Michael Margolies on the Sudan -- Genocide By Any Other Name

There’s been a fair amount of attention offered to the ten-year anniversary of the Rwandan genocide.  At the time, many governments insisted that this was not “genocide” but rather “ethnic cleansing.” This is more than a semantic distinction; international law compels aggressive military action to avert a genocide. President Clinton later apologized to the Rwandans for our apathy in the face of their suffering. Is President Bush setting himself up for the same sort of after-the-damage-is-done mea culpa in the Sudan?

The peace negotiations going on for some two years in Naivasha, Kenya haven’t stopped Sudan’s National Islamic Front Government from continuing the wholesale slaughter of the nation’s blacks.

The genocidal record of the predatory Arab-Islamic government in the north is well known by now: butchering of two million black Christians and southern animists; inciting and facilitating the massive displacement and exile of a large portion of the black population; kidnapping and enslaving as many as 200,000 black women and children; amputation as a common penalty for attempted escape; raping of women and even boys.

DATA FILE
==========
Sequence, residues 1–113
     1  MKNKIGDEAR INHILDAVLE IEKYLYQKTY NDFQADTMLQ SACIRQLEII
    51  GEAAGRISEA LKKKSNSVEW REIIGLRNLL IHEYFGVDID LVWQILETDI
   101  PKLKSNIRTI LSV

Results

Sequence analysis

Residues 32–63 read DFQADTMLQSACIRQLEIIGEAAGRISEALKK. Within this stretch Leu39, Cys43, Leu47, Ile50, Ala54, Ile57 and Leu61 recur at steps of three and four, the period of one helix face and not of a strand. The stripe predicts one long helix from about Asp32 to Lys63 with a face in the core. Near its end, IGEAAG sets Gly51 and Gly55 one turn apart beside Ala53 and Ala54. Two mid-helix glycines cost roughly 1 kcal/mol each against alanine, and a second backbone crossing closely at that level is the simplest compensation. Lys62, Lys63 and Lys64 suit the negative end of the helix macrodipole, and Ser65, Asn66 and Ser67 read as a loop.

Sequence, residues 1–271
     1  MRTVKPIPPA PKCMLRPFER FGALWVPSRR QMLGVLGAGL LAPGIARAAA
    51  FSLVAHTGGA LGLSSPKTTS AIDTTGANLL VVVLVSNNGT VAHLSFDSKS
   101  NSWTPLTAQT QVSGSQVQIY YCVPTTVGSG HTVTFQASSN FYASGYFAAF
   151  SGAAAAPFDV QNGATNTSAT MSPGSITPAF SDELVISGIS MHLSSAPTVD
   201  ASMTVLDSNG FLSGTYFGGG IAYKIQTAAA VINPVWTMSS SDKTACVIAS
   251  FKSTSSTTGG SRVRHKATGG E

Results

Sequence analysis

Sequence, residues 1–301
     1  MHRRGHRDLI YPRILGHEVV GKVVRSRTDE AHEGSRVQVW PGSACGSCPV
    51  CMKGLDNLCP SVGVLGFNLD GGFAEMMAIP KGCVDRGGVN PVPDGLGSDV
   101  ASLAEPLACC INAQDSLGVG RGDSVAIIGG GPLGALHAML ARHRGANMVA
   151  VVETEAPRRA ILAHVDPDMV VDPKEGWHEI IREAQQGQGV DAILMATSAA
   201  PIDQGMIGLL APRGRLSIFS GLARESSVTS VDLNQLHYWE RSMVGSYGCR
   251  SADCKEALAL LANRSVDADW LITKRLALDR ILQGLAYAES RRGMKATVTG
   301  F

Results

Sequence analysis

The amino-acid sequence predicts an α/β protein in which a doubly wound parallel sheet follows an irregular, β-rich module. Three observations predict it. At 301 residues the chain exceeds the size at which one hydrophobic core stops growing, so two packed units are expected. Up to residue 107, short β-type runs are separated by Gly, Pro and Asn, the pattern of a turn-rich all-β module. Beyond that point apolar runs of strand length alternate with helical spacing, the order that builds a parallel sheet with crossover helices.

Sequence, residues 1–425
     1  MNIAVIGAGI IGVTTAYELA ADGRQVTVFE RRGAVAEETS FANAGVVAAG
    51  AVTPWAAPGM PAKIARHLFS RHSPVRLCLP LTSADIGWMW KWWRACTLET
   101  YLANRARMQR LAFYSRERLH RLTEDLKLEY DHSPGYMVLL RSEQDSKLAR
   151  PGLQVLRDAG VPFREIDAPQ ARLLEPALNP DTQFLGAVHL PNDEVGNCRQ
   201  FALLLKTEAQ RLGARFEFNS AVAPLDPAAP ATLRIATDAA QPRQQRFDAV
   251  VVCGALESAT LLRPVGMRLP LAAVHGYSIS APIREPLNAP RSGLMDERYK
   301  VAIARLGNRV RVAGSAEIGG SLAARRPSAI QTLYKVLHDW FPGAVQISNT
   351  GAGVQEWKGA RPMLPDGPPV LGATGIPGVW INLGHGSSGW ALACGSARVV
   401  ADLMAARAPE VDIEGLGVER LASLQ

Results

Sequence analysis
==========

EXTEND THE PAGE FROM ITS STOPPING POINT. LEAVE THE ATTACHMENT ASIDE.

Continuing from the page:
Eventually Khartoum was dragged into peace negotiations because of pressure from internationally based humanitarian, religious and activist groups, the U.S. Congress’s passage of the Sudan Peace Act, and an involved Bush Administration that actively pushed the process.  Overall observers believe verifiable progress was being made.

But just when some areas in the south of Sudan life had begun to get back to something resembling a normal existence, the locus of slaughter, displacement and slavery shifted to the blacks of the large western province of Darfur, who are mostly Muslim

Because Darfur had essentially been left alone all along by the government in Khartoum, it was never a part of Sudan’s peace talks. And while given their druthers the regime has made clear its preference for murdering, raping and enslaving Christian and animist blacks, they have now shown the racialist side of their regime by treating Darfur’s black Muslims in the same fashion. Khartoum has been using its regular army troops, and, as it did in the south, local Arab militia, called janjawid, to perform what some are now calling ethnic cleansing and others are calling genocide.

That this savagery is based on race is self-evident.  At a little-noticed March 11 House Subcommittee on Africa, Sudan expert Eric Reeves quoted from two statements by Amnesty International, “A refugee farmer from the village of Kishkish reported…the words used by the militia: ?You are Black and you are opponents.  You are our slaves, the Darfur region is in our hands and you are our herders.’”  And, “A civilian from Jafal confirmed [he was] told by the janjawid: You are opponents to the regime, we must crush you.  As you are Black, you are like slaves.  Then all the Darfur region will be in our hands.  The government is on our side. The government plane is on our side to give us ammunition and food.’”  Reeves also noted the UN Integrated Regional Information Networks quoted one black tribal leader as saying, “I believe this is an elimination of the black race.”